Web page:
INGLETON, MASONGILL & KINGSDALE

 


Summary

Date - 14th January 2016 Distance - 9 miles
Ascent -
1940ft
Map - OL2 Start point - Ingleton main car park (SD 6947 7299)

 

Summits Achieved

No summits were reached on this walk

 

Preface

"That was a lovely walk with Uncle Eric, last week", said Allen.

"I know we had done sections of it before, but a good section of the road from Ings was new and we had that lovely view of the Langdale Pikes", replied Tetley.

"It was all new to me", said Southey. "How I am enjoying all the exploration. I never could have dreamed of this when Dad adopted me."

Just then Shaun arrived with Little Eric and Grizzly. "We bring tea and cakes", he announced.

"Ooh great", cheered Allen, "I was gasping for a cuppa."

"No surprise there there", laughed Tetley as he and Southey went to get the mugs and plates.

"What is the cake?", asked Tetley.

"I have done flapjack", replied Little Eric, and Grizzly has made fruit scones, and there is butter and raspberry jam."

Soon with steaming mugs in paw, we were tucking into the cake.

"The scones are scrumptious", enthused Southey.

"And the flapjack too", added Allen.

"So is there a day down to walk this week?", asked Shaun.

"Yes on Thursday", replied Allen. And navigating to the Met Office app, he went on, "the weather looks to be OK too."

"Uncle Eric came up with the last walk, so I guess it is our turn now", said Grizzly.

"Uncle Eric said it would be nice to walk in Yorkshire", said Shaun.

So as we munched on the cake we put our thinking caps on. Then Tetley said, "there is that walk that starts in Ingleton and goes to Masongill then up and over the tops to Kingsdale, and then back to Ingleton. We have done it before, but I doubt Uncle Eric has."

"Sounds a good idea", enthused Little Eric.

"It is in the walks binders", said Shaun. "One of the early ones published years ago in the Lancaster Guardian."

Allen went to help Shaun lift it down and almost immediately they found it. "It is numbered 6 in Dad's listing", said Shaun.

"Looks good", agreed Allen. Then draining his mug he picked the sheet up and headed off to see if Dad liked the idea.

Not many minutes went by before he returned a wide smile on his face. "Dad is happy with our suggestion, he is sure that Uncle Eric has not done it and it is new to Southey too, so let's hope Uncle Eric agrees.

"Ooh yes", cheered Southey. "Another new area for me to explore."

 

 

The Walk

It was to be a cold dry day with some sun and snow was lying above about 1000ft.

We met Uncle Eric at the main car park in Ingleton where long ago now the railway station used to be.

"Good morning Uncle Eric", we called out.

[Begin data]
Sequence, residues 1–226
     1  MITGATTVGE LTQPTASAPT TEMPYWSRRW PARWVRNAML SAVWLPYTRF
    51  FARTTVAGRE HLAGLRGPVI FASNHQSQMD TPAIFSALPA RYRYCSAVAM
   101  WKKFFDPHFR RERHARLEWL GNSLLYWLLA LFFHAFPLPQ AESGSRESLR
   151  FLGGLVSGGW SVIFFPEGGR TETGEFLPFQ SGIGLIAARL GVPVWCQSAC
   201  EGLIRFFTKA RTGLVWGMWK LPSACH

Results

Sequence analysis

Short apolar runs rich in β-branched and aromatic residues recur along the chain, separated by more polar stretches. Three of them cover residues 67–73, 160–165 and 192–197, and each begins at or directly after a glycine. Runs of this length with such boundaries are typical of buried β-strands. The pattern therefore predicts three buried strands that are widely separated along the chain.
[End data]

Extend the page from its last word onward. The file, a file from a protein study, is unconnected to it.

"Hello lads, good to see you all."

Dad was soon ready so we got settled in his rucksack and off we strode. Not many yards however as we all saw this mosaic.

"It seems to celebrate the railway heritage of Ingleton," said Grizzly. The central compass is depicted as a steam engine wheel, and round the edge is the train track and train."

"Quite", agreed Little Eric. "It is lovely and so colourful too."

Strolled on out of the car park, to again stop almost immediately to photograph the huge viaduct that dominates the village.

It has 11 arches each 57 feet (17 m) wide. The overall length is 800 feet (240 m) with a maximum height of 80 feet (24 m), spanning the valley of the River Greta. The foundations of this had been laid in 1849 by the North Western Railway, but it was left to the Lancaster & Carlisle Railway to build it from late 1858 to 18 May 1860, using white sandstone from a Bentham quarry. On 23rd November 1988 it was designated a Grade II listed building.

We stood a little longer marvelling at this feat of engineering then Little Eric said, "I suppose we had better be getting going properly on the walk."

Past a few shops, it was then down left to cross the River Greta, and come to the entrance to the famous Ingleton Waterfalls. "It is many many years since I walked round those", remarked Dad.

Shaun pointed left and said, "we go over that stile in the wall opposite."

The clear track/path led to a gate, to then continue by the wall, the walking made harder by the muddy soft ground, to pass a barn and round the wall to a stile and on towards Thornton Hall.

"That is an impressive and shapely tree its branches bare and stark against the sky", said Grizzly.

"There's a gate in the wall to the left, which must be our route", called out Allen.

Turning right we almost immediately passed Glebe Farm with its lovely gate....

...and beside this ornate postbox.

Shortly Shaun said, "we turn left along that walled track just ahead."

This led to a gate into pasture, and then on ahead keeping up, and via stiles to the sad forlorn ruins of Cowgill Farm. Passing through the buildings we noted on the left the structure that would once have been the Thunder Box (outside lavatory).